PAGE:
Leadership & Governance

Spanier’s Conviction Highlights Lessons of Sandusky Scandal

March 24, 2017

Gene J. Puskar, AP Images
The verdict in Graham Spanier’s trial brought with it fresh reminders of the Penn State child-molestation scandal, but it also offered higher-education officials a chance to reflect on what might be learned from how the university handled the problem.

The guilty verdict in the trial of Graham B. Spanier marked a milestone in the long-running tale of misery at Pennsylvania State University. Mr. Spanier served as president of the university for 16 years, until revelations of child sexual abuse involving the former football coach Jerry Sandusky blew up his career and dealt a powerful blow to the institution’s reputation.

A Pennsylvania jury on Friday found Mr. Spanier guilty on one misdemeanor count of child endangerment, while finding him not guilty on another count of endangerment and a count of criminal conspiracy. Though the verdict brought with it fresh reminders of the scandal and threatened to reopen old wounds, it also offered higher-education officials across the country a chance to reflect on how Penn State handled its problems and what others might learn from that.

"University officials will be relieved that yet another chapter in this seemingly unending crisis is closing," said Zach Olsen, president of Infinite Global, a crisis-communications firm that works with colleges and other institutions facing legal challenges or other highly publicized controversies.

The university said in a written statement that the verdict in Mr. Spanier’s trial brought some "closure" to the scandal, which has cost the university about a quarter of a billion dollars in fines, legal costs and settlements.

Looking back at the scope of the situation, higher-education experts said it was clear just how poorly Penn State officials reacted to the events as they unfolded.

"There's no dispute that this was mishandled," said Dan Schorr, who looks at sexual-misconduct and Title IX cases for Kroll, a risk-management and consulting company.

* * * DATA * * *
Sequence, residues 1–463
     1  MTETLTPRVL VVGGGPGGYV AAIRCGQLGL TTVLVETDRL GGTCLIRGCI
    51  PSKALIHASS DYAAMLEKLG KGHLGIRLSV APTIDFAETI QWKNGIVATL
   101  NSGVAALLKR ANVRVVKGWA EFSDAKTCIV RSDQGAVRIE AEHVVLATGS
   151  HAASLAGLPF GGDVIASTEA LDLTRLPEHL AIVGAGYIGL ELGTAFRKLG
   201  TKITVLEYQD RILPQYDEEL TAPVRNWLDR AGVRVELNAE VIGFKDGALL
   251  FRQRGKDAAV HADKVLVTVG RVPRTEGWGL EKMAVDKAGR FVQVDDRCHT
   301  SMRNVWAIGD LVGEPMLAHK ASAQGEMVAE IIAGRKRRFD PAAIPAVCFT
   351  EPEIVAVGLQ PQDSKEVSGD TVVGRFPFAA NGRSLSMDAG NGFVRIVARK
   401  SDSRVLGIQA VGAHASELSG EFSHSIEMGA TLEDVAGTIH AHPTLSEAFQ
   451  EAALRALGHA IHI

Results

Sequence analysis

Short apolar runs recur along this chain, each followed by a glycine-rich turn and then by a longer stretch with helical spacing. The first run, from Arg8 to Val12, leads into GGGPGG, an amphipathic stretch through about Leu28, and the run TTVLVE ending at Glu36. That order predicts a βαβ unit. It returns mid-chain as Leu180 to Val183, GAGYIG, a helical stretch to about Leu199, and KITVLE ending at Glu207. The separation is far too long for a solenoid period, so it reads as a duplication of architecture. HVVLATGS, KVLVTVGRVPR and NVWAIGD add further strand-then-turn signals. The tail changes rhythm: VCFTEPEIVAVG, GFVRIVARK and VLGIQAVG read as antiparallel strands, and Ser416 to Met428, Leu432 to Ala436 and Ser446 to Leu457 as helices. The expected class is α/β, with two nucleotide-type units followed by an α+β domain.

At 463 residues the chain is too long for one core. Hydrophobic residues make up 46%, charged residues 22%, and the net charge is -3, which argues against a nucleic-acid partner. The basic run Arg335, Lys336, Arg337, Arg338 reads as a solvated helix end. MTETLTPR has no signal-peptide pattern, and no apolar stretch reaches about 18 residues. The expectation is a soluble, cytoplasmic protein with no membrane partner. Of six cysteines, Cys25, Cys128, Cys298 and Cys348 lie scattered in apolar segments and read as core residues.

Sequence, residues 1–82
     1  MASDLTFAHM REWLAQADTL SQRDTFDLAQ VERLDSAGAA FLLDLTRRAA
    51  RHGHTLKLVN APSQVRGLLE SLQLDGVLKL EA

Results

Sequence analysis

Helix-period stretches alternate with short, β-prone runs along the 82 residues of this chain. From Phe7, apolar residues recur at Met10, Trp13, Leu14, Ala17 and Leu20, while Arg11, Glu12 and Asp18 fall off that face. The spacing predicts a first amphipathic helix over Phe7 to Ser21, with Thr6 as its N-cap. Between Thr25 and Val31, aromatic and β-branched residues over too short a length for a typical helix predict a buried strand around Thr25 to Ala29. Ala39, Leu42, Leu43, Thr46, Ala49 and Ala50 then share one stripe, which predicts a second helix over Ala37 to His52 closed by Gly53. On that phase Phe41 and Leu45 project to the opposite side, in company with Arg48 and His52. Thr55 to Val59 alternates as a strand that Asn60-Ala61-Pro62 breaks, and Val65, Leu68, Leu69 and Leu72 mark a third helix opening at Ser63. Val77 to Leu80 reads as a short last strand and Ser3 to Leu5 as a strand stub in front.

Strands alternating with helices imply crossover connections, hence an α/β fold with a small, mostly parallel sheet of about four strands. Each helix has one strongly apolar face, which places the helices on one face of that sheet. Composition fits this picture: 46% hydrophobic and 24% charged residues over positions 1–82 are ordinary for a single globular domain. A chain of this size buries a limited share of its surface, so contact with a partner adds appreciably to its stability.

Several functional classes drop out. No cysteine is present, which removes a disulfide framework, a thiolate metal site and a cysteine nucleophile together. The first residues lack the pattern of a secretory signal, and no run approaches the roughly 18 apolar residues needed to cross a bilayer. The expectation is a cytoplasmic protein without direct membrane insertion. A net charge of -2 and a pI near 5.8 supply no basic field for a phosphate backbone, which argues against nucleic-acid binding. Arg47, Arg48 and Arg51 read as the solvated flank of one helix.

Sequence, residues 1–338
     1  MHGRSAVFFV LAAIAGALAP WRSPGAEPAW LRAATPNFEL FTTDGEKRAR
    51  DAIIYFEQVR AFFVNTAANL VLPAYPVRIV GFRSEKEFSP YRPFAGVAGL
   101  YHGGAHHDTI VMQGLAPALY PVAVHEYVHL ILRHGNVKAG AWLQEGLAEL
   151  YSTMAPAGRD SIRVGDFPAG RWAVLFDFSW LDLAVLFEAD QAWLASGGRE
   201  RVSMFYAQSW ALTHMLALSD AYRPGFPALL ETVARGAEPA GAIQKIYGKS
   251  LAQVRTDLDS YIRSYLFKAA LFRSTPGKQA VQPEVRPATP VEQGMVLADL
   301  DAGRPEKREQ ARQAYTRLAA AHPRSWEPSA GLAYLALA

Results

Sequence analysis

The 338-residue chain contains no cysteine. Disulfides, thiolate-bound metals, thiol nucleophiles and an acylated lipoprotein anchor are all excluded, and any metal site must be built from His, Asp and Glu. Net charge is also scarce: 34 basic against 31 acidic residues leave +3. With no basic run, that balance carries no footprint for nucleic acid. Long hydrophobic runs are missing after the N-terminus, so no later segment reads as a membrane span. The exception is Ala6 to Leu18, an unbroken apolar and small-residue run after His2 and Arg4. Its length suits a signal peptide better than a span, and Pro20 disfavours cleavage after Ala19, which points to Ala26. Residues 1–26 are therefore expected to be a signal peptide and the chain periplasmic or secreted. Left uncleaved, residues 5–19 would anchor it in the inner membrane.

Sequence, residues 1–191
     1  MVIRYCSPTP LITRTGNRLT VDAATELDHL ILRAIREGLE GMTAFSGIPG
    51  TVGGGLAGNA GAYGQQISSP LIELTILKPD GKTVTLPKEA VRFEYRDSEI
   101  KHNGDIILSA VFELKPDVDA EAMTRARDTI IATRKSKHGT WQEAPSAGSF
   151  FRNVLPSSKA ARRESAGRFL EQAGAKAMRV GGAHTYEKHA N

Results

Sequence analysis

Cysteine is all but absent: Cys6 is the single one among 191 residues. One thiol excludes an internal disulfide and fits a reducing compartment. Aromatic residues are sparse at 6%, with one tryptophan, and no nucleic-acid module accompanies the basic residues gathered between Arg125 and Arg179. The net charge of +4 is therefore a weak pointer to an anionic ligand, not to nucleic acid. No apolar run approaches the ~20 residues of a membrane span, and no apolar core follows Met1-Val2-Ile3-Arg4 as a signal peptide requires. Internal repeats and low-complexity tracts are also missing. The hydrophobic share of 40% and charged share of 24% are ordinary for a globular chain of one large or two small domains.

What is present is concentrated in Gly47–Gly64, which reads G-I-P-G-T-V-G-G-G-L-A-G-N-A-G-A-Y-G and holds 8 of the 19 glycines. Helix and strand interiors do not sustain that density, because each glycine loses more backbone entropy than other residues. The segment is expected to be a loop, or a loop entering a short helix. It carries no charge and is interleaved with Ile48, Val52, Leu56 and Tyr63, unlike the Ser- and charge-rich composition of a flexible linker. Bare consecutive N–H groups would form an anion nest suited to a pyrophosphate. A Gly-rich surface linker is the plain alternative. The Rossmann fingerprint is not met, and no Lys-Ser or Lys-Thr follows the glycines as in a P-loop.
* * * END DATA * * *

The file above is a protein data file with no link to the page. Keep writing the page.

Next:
Until recently, Mr. Schorr said, it was not common for universities to vigorously investigate their leadership or popular figures on campus, such as football coaches. The fallout from the Penn State scandal has made it clear that not only should universities quickly undertake such investigations, but also that inquiries need to be independent from the people being investigated and not managed by the campus's president.

Daniel H. Sharphorn, vice chancellor and general counsel for the University of Texas system, said no official at the university can be above reproach from such serious allegations.

"Even a hint, however slight, remote, or incredible of such gross misconduct in one's institution must be carefully and rigorously pursued to find the facts and reach a firm conclusion," he said in an email.

Richard D. Legon, president of the Association of Governing Boards of Universities and Colleges, said the Penn State situation didn't change how he viewed the importance of good governance. Instead, he said, it reinforced the consequences of a poor relationship between the trustees and the president. Presidents need to have a trusting and transparent relationship with trustees in order to bring difficult situations to their attention, Mr. Legon said.

In addition, he said, everyone on the board needs to be well-informed; there can't be a group of insiders who try to manage the most sensitive issues.

Erin A. Hennessy, vice president at TVP Communications, said the Penn State scandal didn't change practices in crisis communications, but it underscored the importance of clear and honest public information from a college's administration.

"There are real and weighty consequences both for our institutions and for our leaders when they are not truthful, accountable, and transparent," she said in an email.

That need to communicate early may conflict with the more cautious approach of the college's lawyer, she said, but the court of public opinion won't be waiting for the legal outcomes.

"Counsel often advises against early and open communication in order to protect the institution from vulnerabilities," she said. But colleges "open themselves to a whole new set of vulnerabilities if they delay communication."

Eric Kelderman writes about money and accountability in higher education, including such areas as state policy, accreditation, and legal affairs. You can find him on Twitter @etkeld, or email him at eric.kelderman@chronicle.com.